A balanced world is a better world – Doris Matlok, Australia

To mark International Women’s Day (March 8), we are publishing a series of interviews in an effort to recognize and celebrate the women in our organization.

Meet Senior Legal Counsel in Australia, whose passion for learning knows no bounds! She started her working life as a junior lawyer at an Australian law firm and then moved to a government role, drafting legislation for the NSW Parliament. One of the first laws she wrote was the re-enactment of the Married Persons (Equality of Status) Act.

Transitioning into a knowledge management role led her to a law firm in Dubai in 2007, and in 2010 she joined ABB as the lawyer for Power Grids division for the UAE and various oversight countries. In 2017 she returned to Australia and joined ABB Australia as a senior lawyer. Her current role involves advising the business on legal matters and providing advice on risk and risk mitigation. She is also the Data Privacy Officer for Australia, country privacy lead responsible for GDPR rollout and delivers integrity and risk training from time to time.

She has a life-long passion for learning, and has attained qualifications as a personal trainer and as a chef and various other certifications including one in nutrition. She recently completed a Certificate in Governance and Risk Management and a Company Secretary course through the Governance Institute of Australia, and is currently halfway through completing her qualifications as a Master Life Coach with a specialization in wellness. She is also about to embark on the ABB Lean Six Sigma Yellow Belt course.

She is quite active and has completed various long-distance triathlons and ultramarathons including 250km self-supported foot races across the Sahara and Gobi deserts.

What does balance mean for you and how are you seeking to achieve this at ABB?

Balance for me is about making time for my personal growth and investing in myself, such as regular exercise and further study, and it’s also about spending quality time with the people I care about.

My advice (to men and women) is: don’t forget to invest in yourself – that may range from taking on extra study, volunteering to take on more responsibility in the , or blocking out time for exercise and sticking to it, taking it as seriously as if it was a work meeting. I am a firm believer in the mental benefits of regular exercise as it has been shown to increase energy levels, help alleviate stress and improve memory. For example, I aim to exercise on most days, such as going for a run or doing a HIIT or Crossfit class before work. I also sometimes take part in the yoga sessions that are held on Tuesdays at Moorebank, which is a great example of ABB supporting balance in the workplace (no pun intended!).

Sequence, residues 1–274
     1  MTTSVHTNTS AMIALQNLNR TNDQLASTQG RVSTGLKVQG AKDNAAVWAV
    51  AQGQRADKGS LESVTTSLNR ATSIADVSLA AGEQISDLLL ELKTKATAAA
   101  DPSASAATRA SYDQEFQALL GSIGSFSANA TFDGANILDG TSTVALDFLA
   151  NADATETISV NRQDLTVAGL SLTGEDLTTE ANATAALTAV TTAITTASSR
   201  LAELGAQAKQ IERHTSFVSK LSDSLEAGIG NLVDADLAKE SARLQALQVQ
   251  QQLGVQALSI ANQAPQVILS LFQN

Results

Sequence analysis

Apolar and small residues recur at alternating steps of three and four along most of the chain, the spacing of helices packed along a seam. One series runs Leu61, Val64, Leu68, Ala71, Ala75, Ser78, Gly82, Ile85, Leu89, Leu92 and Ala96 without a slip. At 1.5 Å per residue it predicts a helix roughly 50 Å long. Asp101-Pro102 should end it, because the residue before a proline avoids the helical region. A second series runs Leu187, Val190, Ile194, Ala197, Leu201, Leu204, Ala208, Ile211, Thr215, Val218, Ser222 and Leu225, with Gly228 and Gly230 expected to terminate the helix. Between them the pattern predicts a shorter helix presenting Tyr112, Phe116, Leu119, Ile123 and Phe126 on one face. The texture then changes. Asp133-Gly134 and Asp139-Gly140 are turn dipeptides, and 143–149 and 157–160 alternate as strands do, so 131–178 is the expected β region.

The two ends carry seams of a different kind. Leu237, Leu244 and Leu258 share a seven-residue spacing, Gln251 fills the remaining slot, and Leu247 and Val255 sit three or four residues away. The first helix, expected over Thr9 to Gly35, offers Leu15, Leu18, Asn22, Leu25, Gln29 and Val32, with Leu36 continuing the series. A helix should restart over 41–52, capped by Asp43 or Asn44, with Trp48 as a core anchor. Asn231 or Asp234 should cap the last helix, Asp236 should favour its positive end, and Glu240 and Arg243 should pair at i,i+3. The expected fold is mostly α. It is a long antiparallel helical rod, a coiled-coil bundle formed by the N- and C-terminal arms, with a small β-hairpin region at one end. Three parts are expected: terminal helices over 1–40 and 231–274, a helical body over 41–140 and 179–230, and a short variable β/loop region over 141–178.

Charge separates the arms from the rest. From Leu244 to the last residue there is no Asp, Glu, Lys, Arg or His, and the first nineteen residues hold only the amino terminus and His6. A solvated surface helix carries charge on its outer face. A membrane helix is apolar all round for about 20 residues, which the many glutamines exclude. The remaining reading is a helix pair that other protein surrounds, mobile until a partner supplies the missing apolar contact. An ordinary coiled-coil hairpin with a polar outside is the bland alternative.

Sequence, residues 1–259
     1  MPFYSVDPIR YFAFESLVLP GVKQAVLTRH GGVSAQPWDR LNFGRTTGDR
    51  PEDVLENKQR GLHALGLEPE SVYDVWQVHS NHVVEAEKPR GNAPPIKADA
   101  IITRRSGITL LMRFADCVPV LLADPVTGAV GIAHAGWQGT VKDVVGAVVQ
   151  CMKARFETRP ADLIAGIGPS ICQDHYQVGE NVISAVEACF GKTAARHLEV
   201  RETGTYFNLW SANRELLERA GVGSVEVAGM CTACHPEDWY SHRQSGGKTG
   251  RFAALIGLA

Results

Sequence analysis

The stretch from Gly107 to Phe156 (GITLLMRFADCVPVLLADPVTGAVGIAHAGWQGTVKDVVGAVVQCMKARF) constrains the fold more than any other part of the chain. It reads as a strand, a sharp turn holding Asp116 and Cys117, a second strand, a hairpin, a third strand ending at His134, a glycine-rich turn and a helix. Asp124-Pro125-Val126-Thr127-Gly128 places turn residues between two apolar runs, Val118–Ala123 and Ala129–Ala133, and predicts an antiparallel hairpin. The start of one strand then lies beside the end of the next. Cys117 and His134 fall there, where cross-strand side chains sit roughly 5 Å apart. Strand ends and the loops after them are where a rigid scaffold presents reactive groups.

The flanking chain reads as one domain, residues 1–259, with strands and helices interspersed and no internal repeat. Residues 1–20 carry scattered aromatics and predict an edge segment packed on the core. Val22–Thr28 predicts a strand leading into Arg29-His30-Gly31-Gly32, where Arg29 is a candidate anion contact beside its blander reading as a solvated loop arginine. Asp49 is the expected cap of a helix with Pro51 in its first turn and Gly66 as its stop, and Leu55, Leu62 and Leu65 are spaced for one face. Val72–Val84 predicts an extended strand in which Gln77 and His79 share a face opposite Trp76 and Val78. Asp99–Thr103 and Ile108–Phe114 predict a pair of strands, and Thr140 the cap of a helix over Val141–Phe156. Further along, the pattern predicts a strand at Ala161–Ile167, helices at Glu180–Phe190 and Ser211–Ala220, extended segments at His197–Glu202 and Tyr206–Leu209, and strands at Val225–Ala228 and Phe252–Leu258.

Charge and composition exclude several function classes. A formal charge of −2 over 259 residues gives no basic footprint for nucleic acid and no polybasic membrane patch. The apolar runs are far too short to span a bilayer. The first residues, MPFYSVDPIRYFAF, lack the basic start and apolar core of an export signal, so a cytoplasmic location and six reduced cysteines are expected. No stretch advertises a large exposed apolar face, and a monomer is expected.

I am also a firm believer quality sleep. I aim for at least 7-7 ½ hours a night. Also, what I enjoy about my current role is that the legal and risk team take our work seriously, but we don’t take ourselves seriously and we have a friendly, collegiate approach to the way we work together.

Have you faced any gender-specific challenges in your career thus far; if yes, how have you addressed them?

Yes! There are still gender biases in the workplace, and this is often seen in the language that sometimes used. There is also still a bit of the club mentality in some of the work environments I have been in. I have also experienced pay inequality. I have been vocal and spoken up for myself. When I hear statements or banter where there may be sexist undertones (either male or female bias or using stereotypes) I will call it out.

What role do you think men can play in bringing better balance in the workplace?

Balance affects all genders, not just women. The role everyone (not just men) can play in bringing better balance to the workplace would and calling out biases and bad e.g. challenging derogatory, demeaning, belittling remarks, particularly in the gender-biased and stereotyping language that can be used. Another way is by recognizing merit, not gender. Recognize and tackle unconscious bias, which can manifest in a number of ways – e.g. ‘group think’ , perception bias. Look to substance over style when assessing the capability of an individual. Balance drives a better working world.

What do you believe will be the biggest challenge for the generation of women behind you?

The two biggest challenges I believe will be challenging gender myths and biases, and pay equality. It’s extraordinary that women are still paid less than men in many areas, and this has a long term impact as well e.g. significantly less superannuation.


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